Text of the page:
Like a healthy diet or healthy oral care, healthy exercise must be applied in a consistent, regular manner for it to be most effective. It must be something that’s a lifestyle, not just a fad that’s as easily started as it is quit. In other words, it must become a habit.
Research complied by Len Kravitz, PhD, at the University of New Mexico suggests that around 50% of those that begin an exercise program will quit within the first six months. The most common reasons for quitting include:
• Fear of failure.
• Self-esteem / self-consciousness.
• Lack of time.
• Lack of energy.
• Lack of partner.
• Lack of motivation.
• Lack of facilities or equipment.
• Poor health.
However, most everyone will have at least one of the above justifiable reasons as to why they’re not exercising, which is why exercise must be viewed as part of your activities of daily living – a habit, a must-do, verses something optional. Here are seven tips on how to make exercise a habit.
1. Mix Up Physical Activities That You Enjoy.
A lot of people immediately associate exercise with only a gym membership or piece of fancy exercise equipment. Experts disagree, and they are shifting the health-needs focus from regimented exercise to physical activity.
This new mindset about fitness allows individuals more freedom in choosing physical activities that can be enjoyed through various weather conditions, any time of day, on any budget, and with or without an audience.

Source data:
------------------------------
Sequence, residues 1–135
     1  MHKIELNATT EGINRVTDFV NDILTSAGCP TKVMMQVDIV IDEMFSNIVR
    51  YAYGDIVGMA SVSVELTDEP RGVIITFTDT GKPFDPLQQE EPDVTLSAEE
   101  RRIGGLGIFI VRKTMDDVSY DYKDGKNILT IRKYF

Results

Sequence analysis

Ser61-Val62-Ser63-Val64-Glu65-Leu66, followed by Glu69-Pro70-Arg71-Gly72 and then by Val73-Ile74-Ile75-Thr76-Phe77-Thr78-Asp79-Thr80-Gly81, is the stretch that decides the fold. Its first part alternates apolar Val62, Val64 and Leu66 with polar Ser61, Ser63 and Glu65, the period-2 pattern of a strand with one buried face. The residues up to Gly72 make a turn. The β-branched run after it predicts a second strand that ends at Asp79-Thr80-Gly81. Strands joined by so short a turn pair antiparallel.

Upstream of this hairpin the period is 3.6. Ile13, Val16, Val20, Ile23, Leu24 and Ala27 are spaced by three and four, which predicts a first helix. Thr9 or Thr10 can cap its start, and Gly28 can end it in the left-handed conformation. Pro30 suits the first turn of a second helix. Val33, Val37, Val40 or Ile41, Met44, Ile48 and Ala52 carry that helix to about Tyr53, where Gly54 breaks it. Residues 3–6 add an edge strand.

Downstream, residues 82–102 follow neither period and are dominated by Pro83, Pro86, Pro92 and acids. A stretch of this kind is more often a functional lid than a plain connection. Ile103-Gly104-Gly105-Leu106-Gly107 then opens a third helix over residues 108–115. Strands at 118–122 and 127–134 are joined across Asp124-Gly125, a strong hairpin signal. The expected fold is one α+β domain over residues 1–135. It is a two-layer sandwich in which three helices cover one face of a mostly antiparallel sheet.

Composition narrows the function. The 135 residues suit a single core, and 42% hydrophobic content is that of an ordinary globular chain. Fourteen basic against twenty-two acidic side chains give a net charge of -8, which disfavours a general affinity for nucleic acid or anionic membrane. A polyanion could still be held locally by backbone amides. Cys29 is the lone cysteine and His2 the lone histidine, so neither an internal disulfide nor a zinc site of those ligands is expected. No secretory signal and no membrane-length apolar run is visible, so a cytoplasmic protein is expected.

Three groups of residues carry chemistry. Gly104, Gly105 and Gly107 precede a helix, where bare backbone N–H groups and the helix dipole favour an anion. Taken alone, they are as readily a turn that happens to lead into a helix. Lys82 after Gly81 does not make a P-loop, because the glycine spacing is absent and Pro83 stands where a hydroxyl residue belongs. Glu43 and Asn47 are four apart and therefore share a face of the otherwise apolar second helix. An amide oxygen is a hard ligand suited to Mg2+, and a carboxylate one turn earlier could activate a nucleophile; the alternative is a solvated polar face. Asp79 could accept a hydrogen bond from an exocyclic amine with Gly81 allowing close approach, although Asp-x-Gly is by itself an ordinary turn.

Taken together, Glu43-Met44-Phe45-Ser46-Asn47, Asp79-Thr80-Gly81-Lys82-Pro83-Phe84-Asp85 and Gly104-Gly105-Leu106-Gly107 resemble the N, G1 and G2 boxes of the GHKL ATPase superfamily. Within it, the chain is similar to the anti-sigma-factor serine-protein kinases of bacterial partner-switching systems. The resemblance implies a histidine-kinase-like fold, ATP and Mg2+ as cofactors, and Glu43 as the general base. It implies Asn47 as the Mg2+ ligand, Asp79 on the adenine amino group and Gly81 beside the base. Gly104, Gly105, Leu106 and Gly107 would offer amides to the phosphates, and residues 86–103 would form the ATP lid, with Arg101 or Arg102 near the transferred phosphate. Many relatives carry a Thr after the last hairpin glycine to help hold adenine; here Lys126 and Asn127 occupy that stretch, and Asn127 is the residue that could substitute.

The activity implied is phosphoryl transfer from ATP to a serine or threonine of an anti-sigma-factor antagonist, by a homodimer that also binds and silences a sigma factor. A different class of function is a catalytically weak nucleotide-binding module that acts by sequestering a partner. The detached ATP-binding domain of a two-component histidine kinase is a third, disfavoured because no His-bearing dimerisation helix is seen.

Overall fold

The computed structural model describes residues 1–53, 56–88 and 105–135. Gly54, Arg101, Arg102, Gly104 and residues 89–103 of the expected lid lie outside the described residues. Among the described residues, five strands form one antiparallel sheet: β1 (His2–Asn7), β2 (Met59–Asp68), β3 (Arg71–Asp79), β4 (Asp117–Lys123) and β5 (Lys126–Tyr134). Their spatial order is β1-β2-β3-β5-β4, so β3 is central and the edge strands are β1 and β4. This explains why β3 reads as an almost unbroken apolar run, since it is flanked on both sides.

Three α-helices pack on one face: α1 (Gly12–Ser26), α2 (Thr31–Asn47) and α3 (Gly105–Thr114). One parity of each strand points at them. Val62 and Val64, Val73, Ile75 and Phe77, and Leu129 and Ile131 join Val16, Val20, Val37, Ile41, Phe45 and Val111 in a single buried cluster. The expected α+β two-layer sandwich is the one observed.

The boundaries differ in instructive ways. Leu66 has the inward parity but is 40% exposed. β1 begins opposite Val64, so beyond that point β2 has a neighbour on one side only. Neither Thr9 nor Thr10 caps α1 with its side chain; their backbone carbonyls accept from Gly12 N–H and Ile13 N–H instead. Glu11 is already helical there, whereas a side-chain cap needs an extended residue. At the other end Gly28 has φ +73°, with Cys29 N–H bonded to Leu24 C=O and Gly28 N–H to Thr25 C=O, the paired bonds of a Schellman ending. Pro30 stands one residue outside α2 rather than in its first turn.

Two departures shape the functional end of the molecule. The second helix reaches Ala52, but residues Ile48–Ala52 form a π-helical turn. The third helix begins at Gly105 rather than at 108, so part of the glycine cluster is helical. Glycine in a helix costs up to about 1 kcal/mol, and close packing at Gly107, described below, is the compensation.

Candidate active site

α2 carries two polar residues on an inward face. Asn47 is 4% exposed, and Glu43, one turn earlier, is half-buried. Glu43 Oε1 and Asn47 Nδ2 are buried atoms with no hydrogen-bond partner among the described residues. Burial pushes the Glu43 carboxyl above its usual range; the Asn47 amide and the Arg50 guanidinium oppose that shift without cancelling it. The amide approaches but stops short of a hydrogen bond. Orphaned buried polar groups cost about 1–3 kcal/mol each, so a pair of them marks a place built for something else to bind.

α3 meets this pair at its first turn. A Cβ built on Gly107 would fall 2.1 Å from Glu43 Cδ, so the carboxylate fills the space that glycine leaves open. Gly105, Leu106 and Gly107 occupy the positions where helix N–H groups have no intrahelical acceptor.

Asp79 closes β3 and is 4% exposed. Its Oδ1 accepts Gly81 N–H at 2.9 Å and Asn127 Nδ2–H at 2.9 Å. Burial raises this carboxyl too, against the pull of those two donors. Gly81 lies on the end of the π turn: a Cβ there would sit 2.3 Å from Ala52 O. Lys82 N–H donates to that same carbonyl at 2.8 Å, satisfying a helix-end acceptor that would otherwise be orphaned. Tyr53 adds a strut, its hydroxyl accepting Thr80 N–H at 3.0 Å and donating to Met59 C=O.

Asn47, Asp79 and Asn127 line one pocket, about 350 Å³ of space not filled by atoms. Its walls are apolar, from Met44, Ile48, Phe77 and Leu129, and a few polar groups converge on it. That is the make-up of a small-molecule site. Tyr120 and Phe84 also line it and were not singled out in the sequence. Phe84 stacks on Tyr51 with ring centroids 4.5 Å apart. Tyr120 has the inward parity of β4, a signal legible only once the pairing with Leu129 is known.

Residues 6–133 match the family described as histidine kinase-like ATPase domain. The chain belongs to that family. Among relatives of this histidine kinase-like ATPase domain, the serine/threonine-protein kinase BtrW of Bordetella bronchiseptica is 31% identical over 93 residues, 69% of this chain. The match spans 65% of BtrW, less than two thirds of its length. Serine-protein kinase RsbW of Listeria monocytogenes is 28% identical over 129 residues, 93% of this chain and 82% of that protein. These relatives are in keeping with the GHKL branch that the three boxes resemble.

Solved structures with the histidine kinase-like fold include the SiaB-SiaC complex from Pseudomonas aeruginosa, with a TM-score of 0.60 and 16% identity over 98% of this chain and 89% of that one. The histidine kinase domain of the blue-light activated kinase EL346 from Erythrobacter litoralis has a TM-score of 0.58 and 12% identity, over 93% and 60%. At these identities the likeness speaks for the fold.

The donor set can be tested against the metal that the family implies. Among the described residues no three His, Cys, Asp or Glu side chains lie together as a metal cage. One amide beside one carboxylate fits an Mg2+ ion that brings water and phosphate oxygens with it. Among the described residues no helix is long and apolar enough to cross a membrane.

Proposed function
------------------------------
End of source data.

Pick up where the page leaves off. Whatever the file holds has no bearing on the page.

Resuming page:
The point is to get a certain amount of aerobic exercise in each day, and this can be mixed and matched with a variety of activities you personally enjoy and have access to, such as walking, running, climbing stairs, dog walks, tennis, cycling, professional aerobic classes, at-home exercise video, kickboxing, swimming, etc.
Research by Health Psychology was recently published by Time Magazine. The study actually showed that forcing yourself into doing the exact same exercise pattern each day can be counterproductive to sticking with exercising long-term.
2. Form Instigation Habits.
The Health Psychology study also showed that individuals who made exercise a habit formed by a specific cue became the most consistent exercisers.
It’s called an instigation habit, and it’s formed by cues like automatically associating your alarm with your morning run or the presence of anxiety and stress with heading to a yoga class. The activity eventually becomes a habit that you don’t think about, deliberate on, or weigh whether or not you should do when you hear the external or internal cue.
Simply decide what your reoccurring cue will be and begin hinging your exercise on that cue. Before long, that cue will make the exercise a habitual subconscious decision.
3. Find An Equal Partner.
An equal exercise partner can be the encouragement and motivation you need to form the habit of exercise. Much like a social engagement, if you know that someone is there waiting for you and depending on you, then you’re more apt to push through the ‘I don’t feel like it today’ mentality.
The importance of picking the right partner should be noted. It’s ideal to pick someone who’s equally committed, positive, and shares similar exercise goals and capabilities. If your partner is a Cross Fit champion, for example, and you’re at the beginning of trying to get physically fit, then this type of partnership may be more discouraging and frustrating than it is motivating.
4. Try A Fitness Coach.